Breaking a Habit

Keeping changes small for bigger success.

Online Community By Scott Johnson

September 2010 — November is American Diabetes Month. This November I am focusing on keeping changes small.

I often make the mistake of trying to make HUGE changes in my life, and I try to make those changes in a hurry. It's all or nothing, black or white, right or wrong. I usually fail miserably. And as soon as I can't live up to the expectation I set for myself, I give up completely.

I've been working with a wonderful life coach, Ginger Vieira, for the past four months or so. One of the things she's helping me recognize is my tendency to set unrealistic goals. It's completely normal, and almost everybody does it, and it is also a hard habit to break. Habit? How can it be a habit? Aren't habits usually behaviors repeated over and over again? It is weird to think that I've set these unrealistic goals, and failed to meet them, often enough for that behavior to become a habit. But looking back, I think she's right.

Maybe this bad habit comes from watching too much television? Seeing these stories, crafted by marketing magicians, leading me to believe that if I just dedicate myself I can lose 100 pounds in six months can seem realistic at the time. Or maybe it comes from a deep dark pit of guilt and shame after I've made a bad decision. I get mad at myself and am sure I'm going to turn my whole world around in a single day to fix it. Wherever it comes from, it is unrealistic and unhealthy to reinforce this bad habit.

I know that I should take these big goals and break them into smaller ones, then break those into smaller goals, and keep going like that until I have achievable, bite-size pieces. Ginger is also helping me realize that I need to keep breaking these goals down until they are very clear, action-oriented tasks.

American Diabetes Month

For example, we talked about my tendency to reach for a snack when I get sleepy or bored. That snacking is pulling me away from my goal to lose weight. I'm also eating when I'm not hungry and don't need to eat. We decided to try doing pushups instead. So whenever I am feeling sleepy or bored, when I would typically get up and snack, I will do ten pushups.

Notice that we didn't say I couldn't have a snack? Because that sometimes sends me down the rebellion road – "Oh yeah? I'll show YOU who can't have a snack!" But if I do snack, I'll at least have done ten pushups beforehand, which is more exercise (and calorie burn) than I have been doing for so long. It is helping me re-wire my brain to accept that I can change my habits, and it's helping me shift the momentum towards the positive.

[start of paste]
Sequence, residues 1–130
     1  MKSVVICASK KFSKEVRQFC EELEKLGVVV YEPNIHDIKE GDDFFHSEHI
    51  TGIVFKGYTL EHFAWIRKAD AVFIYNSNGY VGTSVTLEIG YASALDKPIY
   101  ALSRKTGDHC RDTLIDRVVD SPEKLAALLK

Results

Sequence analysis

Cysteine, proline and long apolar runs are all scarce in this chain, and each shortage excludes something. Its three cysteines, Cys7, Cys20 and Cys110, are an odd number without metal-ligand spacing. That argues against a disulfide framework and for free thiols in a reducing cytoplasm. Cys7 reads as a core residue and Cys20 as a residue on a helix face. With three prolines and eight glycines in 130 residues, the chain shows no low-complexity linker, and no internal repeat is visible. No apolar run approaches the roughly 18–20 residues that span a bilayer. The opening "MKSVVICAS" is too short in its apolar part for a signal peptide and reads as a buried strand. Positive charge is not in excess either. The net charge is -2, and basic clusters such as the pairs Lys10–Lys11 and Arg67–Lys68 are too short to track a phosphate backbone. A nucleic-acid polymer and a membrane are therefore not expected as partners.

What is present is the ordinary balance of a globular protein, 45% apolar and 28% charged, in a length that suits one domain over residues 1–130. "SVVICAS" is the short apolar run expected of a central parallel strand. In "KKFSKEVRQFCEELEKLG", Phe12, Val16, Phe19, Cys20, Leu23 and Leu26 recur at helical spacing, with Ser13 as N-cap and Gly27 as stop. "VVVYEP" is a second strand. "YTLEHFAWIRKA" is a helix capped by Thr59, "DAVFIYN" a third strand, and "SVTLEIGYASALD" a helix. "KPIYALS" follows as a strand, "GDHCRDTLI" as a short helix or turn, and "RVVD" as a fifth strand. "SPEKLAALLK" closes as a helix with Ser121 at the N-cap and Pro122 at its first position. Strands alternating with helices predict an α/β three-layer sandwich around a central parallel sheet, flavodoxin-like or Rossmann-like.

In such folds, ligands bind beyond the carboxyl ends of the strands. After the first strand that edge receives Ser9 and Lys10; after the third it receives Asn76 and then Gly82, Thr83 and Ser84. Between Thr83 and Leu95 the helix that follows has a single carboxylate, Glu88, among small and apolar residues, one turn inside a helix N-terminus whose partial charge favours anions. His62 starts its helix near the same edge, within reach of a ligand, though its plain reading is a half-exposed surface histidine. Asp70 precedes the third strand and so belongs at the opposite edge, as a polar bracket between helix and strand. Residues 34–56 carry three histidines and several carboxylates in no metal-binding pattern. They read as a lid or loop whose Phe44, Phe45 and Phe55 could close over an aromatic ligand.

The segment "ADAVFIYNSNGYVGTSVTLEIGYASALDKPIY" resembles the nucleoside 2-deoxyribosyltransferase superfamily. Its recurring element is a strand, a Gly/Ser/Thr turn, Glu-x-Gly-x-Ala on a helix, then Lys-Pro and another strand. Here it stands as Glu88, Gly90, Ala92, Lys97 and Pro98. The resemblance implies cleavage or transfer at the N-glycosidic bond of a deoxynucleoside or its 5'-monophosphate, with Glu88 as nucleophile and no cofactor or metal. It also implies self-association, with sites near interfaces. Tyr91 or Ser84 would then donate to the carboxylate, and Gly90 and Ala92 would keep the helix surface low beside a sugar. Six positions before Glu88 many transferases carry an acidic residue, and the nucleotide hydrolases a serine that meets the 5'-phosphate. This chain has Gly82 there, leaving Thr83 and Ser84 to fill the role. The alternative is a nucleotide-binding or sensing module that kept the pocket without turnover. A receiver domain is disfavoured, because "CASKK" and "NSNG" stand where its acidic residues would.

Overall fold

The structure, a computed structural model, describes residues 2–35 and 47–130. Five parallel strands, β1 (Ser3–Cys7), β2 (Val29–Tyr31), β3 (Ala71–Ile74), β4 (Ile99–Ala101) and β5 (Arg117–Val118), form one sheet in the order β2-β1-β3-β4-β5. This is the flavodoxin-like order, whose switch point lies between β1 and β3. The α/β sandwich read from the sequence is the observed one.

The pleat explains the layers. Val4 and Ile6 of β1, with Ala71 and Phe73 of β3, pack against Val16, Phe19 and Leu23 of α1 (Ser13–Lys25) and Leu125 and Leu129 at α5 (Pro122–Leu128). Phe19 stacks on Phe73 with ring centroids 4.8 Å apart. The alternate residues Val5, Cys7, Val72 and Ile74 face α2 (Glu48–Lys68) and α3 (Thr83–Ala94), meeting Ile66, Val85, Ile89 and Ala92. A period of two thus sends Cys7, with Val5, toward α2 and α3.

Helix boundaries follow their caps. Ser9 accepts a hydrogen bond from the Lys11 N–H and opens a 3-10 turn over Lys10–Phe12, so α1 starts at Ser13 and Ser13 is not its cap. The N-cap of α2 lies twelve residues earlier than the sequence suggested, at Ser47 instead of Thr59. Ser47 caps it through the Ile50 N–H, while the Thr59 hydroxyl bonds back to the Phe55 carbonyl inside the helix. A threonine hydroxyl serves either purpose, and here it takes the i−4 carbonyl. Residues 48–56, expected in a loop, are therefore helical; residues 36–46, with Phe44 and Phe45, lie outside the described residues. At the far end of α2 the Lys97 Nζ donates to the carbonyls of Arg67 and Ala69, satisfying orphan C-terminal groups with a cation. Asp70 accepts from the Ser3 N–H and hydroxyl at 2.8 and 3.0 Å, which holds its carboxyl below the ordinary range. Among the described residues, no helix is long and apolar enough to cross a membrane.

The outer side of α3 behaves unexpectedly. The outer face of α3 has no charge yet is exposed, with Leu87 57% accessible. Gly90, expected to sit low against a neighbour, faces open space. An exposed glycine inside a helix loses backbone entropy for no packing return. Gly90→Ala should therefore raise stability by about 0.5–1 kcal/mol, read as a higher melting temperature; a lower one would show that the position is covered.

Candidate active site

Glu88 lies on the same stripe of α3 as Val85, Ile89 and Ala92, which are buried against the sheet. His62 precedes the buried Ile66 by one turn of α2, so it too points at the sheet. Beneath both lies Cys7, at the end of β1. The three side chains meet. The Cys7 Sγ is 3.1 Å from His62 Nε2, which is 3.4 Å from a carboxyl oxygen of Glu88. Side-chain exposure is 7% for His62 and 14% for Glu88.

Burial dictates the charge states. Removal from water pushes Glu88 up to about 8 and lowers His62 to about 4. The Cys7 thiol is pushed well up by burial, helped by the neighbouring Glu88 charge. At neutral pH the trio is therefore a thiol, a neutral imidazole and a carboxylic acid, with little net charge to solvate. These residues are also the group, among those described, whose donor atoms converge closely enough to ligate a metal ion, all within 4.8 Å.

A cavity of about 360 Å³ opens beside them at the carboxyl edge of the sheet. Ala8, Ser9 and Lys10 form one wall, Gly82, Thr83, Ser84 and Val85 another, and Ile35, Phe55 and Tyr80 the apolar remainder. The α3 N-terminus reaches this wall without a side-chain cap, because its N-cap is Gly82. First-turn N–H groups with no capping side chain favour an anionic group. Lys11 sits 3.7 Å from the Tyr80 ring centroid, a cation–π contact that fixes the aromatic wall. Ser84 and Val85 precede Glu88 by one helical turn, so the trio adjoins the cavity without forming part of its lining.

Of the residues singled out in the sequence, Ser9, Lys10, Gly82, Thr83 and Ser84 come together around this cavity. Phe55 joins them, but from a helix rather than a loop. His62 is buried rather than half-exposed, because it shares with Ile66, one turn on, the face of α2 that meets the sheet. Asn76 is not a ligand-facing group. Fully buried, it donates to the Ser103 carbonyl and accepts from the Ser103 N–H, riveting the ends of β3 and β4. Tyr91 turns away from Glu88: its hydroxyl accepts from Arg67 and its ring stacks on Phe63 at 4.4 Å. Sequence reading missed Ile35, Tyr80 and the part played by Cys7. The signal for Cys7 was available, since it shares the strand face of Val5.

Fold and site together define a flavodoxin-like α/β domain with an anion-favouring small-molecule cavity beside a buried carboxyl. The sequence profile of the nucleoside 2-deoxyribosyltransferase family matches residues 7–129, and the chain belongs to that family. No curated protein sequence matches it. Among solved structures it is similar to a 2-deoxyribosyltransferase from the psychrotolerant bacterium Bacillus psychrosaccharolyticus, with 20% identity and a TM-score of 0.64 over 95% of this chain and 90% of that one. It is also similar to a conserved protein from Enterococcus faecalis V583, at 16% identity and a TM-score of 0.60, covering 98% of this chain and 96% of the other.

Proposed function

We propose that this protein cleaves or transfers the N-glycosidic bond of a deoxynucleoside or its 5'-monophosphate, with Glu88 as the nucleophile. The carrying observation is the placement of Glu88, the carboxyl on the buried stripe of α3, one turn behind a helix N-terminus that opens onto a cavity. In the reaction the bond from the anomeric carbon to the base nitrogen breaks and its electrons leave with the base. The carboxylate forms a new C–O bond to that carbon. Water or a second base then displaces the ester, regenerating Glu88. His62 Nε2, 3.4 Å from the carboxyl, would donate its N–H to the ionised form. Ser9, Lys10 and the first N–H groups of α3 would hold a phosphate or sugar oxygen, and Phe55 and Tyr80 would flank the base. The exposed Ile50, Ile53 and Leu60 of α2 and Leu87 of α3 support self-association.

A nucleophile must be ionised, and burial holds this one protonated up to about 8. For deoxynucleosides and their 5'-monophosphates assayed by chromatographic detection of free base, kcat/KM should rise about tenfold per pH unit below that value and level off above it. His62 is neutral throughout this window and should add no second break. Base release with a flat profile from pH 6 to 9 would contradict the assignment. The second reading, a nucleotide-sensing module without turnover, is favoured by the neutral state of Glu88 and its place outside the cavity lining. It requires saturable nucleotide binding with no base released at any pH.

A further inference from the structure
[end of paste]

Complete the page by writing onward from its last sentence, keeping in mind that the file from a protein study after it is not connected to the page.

I also feel pretty good after doing a few pushups. If I take a minute to just reflect on how I'm feeling, I can feel my muscles swelling up a little bit, I can feel the blood rushing into them, feeding them fresh and healthy nutrients, and making them a wee-bit stronger.

It is a little thing to do ten pushups. Before working with Ginger I would have written it off as too little. I would have dismissed the idea as meaningless. But it is proving to be a powerful little step. I feel a little stronger, and I see that I need to break my goals down even more than I had thought. I'm also gaining more ground by consistently taking many smaller steps than I had ever gained taking large and unsustainable steps.

What's that saying? Slow and steady wins the race? I'm willing to try a different approach – these little sprints I'm used to doing haven't worked very well for me so far.

Visit Scott's blog. 

dLife's Viewpoints columnists are not all medical experts, but everyday people living with diabetes and sharing their personal experiences, most often at a set point in time. While their method of diabetes management may work for them, everyone is different. Please consult with your diabetes care team before acting on anything you read here to find out what will work best for you.

Last Modified Date: June 11, 2013

All content on is created and reviewed in compliance with our editorial policy.

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